This report summarizes the findings from a survey carried out by Yagya B. Karki as the Team Leader, PHD Group and Saloni Singh of DIDIBAHINI on behalf of ACTIONAID/Nepal. A total of 300 school girls from lower secondary and secondary schools of Siraha, Parsa, Lalitpur, Bardiya and Rasuwa were interviewed and their answers analyzed. In addition, qualitative study was conducted using three types of qualitative techniques, viz., in-depth interview, FGD and key informant interview. In-depth interviews of 20 girl students from Siraha, Lalitpur and Bardiya; two FGDs each from Parsa, Lalitpur, Bardiya and Rasuwa with girl students and 24 key informants from five districts were interviewed and responses analyzed. Attempts were made to have representation of most caste/ethnic groups.
For quantitative survey a questionnaire was developed and for qualitative studies in-depth interview, FGD and key informant guidelines were developed, pre-tested and finalized. The partner NGOs of ACTIONAID/Nepal in respective districts were trained to collect quantitative and qualitative data.
Most school girls said that they are discriminated at home, in the community, on the way to school, at market places, at religious functions and in school. About one in three girls say that they are not allowed to go out of the home. Nearly one in five girls said that they have to work hard at home; in rural areas they herd cattle, cut grass for cattle, etc. Compared to boys girls are treated more like housemaids. Girls are also prevented from voicing their concerns. About one in eight girls mentioned being discriminated against food and clothing. One in ten girls reported that they are not given opportunities in various programmes of the community. Girls are given less and inferior education and a few opportunities to develop their inborn capacities.Many girls said that they are not loved as much as boys; girls are hated. When girls come home late from school, they are shouted at and badly rebuked. They said that girls are not given education as much as boys; many girls in villages are not sent to school at all. Only boys are given private tuition; not girls. Big celebration welcomes the birth of a boy while when a girl is born nothing is done. Family does not allow girls to wear newly designed clothes. One in 25 girls said that on the way to school or while coming back from school and also in the school, they are pushed by boys or boys use bad words against them.
Dalit girls said that they are not allowed to enter temples. They are not allowed to come close to water container; let alone touching it.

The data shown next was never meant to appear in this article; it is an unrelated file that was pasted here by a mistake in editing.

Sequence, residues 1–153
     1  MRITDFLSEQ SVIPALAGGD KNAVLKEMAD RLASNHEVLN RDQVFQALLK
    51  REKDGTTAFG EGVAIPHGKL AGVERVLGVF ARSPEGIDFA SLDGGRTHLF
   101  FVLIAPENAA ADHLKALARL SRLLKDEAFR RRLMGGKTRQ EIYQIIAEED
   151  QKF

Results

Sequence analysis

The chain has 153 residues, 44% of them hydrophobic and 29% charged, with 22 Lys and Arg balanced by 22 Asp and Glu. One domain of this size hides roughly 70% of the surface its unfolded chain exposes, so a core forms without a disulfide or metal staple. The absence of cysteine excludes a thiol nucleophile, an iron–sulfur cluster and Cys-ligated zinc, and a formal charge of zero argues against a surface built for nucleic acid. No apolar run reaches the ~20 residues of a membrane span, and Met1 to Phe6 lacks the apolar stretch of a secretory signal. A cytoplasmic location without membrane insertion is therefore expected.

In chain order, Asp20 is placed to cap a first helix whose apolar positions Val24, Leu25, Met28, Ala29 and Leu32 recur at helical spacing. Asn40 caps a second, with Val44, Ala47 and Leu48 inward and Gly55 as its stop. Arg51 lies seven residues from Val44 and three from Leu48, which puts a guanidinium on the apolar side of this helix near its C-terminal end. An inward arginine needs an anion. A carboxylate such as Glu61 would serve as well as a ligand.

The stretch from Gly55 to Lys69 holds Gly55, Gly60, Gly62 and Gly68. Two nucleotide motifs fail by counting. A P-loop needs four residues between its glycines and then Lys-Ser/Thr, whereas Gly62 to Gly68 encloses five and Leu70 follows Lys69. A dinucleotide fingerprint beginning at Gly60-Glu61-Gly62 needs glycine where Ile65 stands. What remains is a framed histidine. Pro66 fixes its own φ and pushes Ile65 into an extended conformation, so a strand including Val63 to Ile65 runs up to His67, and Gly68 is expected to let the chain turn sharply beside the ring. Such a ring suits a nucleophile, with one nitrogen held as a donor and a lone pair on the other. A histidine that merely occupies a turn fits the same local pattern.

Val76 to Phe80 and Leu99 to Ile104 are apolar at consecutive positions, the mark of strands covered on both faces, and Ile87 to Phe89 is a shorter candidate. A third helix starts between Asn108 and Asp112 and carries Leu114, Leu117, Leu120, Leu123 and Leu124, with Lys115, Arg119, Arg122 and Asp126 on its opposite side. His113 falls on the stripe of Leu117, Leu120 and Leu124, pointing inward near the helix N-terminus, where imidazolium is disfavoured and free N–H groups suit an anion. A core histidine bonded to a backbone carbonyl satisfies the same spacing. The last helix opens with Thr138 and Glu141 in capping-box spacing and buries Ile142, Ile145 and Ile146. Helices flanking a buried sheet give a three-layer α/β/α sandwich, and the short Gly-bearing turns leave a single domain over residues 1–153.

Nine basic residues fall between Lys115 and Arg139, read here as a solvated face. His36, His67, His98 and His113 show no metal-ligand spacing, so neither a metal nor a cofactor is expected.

Girls said that teachers discriminate between boys and girls in school. Teachers ignore girls while teaching; they ask girls to clean the classroom not the boys. If girls are late to school teachers keep them outside the class. Girls are not given equal opportunities in sports with boys in school. When girls go to class wearing fashionable clothes teachers throw them out of class. Girls are not encouraged to participate in quiz contest; teachers encourage only boys.
Despite being discriminated everywhere, the girls still felt happy as a girl. Girls also reported that they were forced to do things that they did not like.
In this study, the life time prevalence of violence was estimated at 91 percent. The mean age at which they experienced violence was 12.4 years. Most common form of violence was emotional (47 percent), followed by physical (45 percent) and sexual (8 percent).
Most common forms of emotional violence were “yelling at” “insulting”, humiliation and irritation, in that order. About half of all girls experienced emotional violence at home. About one in three girls experienced emotional violence in school. Going to school and coming back from there is also risky.
About a quarter school girls participating in the study reported home being the place of physical violence. Some girls were physically abused on the way to school or coming back from school. Other places of physical violence were market and friend’s places.
Nine different types of physical violence were experienced by girls in school; they included beating, pushing, slapping on the face, grabbing, throwing something at, hitting with fist, arm twisting, slamming against a wall and use or threatening with Khukuri or knife or gun. The corporal punishment or beating by teachers formed the most serious form of violence in school.
Although sexual mores are high in Nepal, young school girls are sexually assaulted. The sexually assaulted school girls were, one average, 11.9 years and some of them were as young as 6 years. Most such girls did not report the incidents to others because of embarrassment.